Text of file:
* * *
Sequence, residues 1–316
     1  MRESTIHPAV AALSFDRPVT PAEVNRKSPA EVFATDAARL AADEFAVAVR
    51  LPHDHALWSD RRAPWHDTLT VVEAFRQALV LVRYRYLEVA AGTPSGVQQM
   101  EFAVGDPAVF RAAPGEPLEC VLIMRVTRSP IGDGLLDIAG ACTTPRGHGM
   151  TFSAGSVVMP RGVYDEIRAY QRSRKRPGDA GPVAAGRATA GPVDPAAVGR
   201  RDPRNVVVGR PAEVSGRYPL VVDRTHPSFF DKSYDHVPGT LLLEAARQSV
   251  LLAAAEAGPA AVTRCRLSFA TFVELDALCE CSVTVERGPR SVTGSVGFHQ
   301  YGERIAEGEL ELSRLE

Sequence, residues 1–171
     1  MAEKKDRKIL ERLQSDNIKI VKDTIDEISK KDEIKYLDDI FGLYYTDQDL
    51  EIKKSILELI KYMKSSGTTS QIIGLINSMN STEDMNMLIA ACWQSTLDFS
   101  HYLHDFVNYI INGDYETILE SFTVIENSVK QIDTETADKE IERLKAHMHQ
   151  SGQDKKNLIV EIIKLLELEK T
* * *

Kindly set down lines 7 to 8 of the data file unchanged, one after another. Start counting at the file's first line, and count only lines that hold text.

   251  LLAAAEAGPA AVTRCRLSFA TFVELDALCE CSVTVERGPR SVTGSVGFHQ
   301  YGERIAEGEL ELSRLE